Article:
Dyesebel Is the Best Mermaid Princess Show You've Never Seen

In 2008, the Philippines released a mermaid princess telenovela that was based on a popular graphic novel by Mars Ravelo in 1952. Dyesebel is loosely based on the story of "The Little Mermaid" with a few distinct differences. It was Dyesebel's mother, Queen Lucia, who first fell in love with a human and left the underwater world of Sirenea to be with him, sacrificing her memories of her life as a mermaid in the process. Dyesebel was born on land, but because of her tail, her mother returned her to the sea, entrusting her to her best friend, Banak, to raise her. Her human father, Tino, was murdered by humans who believed that mermaids were bad luck. Unaware of the circumstances of her birth, Dyesebel grew up curious about the human world until one day, she fell in love with a human and was doomed to follow in her mother's footsteps. The 2008 adaptation of Dyesebel is performed in the native Filipino language Tagalog, but I was about to watch it with English subtitles on Viki. Unfortunately, my region was recently blocked from the site, making the show much harder to find online. To this day, it is still one of the best shows I have ever seen.


Like most telenovelas, Dyesebel is a dramatic episodic narrative that is told over 60 hour-long installments or 120 half-hour installments, depending on where you watch it. The emotionally drive plot can get a bit heavy-handed at times. If you are a fan of fairy tales and romance, it is easy to get swept away the story and admittedly over the top melodrama. Dyesebel's love for Fredo is unique compared other romance stories because in her world, mermaids can only fall in love one time. This means that despite all of the hardships she must suffer for falling in love with a human, it would be impossible for her to move on and find love with someone else. That is her tragedy. Even though she wins the heart of a handsome and kind merman who would do anything for her named Erebus, she can never grow to love him in the same way that he loves her. His story is tragic as well, so it's a shame that he comes off as the perfect merman.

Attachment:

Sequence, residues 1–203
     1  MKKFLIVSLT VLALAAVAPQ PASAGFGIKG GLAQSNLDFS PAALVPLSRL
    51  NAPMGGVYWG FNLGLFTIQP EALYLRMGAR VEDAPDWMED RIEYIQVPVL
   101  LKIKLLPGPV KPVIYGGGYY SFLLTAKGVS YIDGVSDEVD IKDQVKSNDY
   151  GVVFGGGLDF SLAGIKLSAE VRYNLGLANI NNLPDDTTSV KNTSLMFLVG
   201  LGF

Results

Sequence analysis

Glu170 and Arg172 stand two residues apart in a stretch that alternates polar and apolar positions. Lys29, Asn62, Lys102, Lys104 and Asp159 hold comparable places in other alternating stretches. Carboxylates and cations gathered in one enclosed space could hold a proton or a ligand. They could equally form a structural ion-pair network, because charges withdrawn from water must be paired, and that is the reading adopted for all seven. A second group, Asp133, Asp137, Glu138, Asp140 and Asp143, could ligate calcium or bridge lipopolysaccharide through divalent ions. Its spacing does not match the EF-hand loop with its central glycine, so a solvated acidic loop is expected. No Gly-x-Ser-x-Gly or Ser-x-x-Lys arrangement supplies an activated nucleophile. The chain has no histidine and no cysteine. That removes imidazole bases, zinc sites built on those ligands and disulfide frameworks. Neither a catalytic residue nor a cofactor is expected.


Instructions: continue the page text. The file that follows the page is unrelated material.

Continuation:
The underwater kingdom of Sirenea has its pros and cons compared to other mermaid stories. It is a fully fleshed out world with roles for mermaids and mermen and its own unique fashions and lifestyles. Unfortunately, as a live-action show with a telenovela budget, it has some very cheap CGI effects used to create the illusion of an underwater world. Some parts are done better than others. The bubbles and waves look okay, but Dyesebel's fish friends look rather ridiculous and don't appear to be fully rendered. This shouldn't bother anyone with a decent imagination and a little suspension of disbelief, but I can see how some people might be put off by it. The costumes, on the other hand, are quite detailed and lovely. The mermaids and mermen have beautiful tails in many colors that shimmer in the light. They also wear dazzling accessories on their arms and in their hair made of shells, jewels, and pearls that would be the envy of any land princess. Though the mermaids do not wear anything over their breasts, they are always covered by their hair and blurred out further with visual effects.